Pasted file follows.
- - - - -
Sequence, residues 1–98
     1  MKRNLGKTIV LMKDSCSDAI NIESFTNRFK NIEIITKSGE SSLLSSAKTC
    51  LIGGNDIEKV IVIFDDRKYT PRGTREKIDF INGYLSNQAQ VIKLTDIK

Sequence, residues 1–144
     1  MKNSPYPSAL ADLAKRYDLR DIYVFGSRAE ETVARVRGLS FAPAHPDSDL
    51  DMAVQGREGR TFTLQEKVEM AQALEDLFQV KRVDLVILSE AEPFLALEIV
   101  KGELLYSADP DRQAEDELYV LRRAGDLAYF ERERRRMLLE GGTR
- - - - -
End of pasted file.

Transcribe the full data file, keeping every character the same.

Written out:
Sequence, residues 1–98
     1  MKRNLGKTIV LMKDSCSDAI NIESFTNRFK NIEIITKSGE SSLLSSAKTC
    51  LIGGNDIEKV IVIFDDRKYT PRGTREKIDF INGYLSNQAQ VIKLTDIK

Sequence, residues 1–144
     1  MKNSPYPSAL ADLAKRYDLR DIYVFGSRAE ETVARVRGLS FAPAHPDSDL
    51  DMAVQGREGR TFTLQEKVEM AQALEDLFQV KRVDLVILSE AEPFLALEIV
   101  KGELLYSADP DRQAEDELYV LRRAGDLAYF ERERRRMLLE GGTR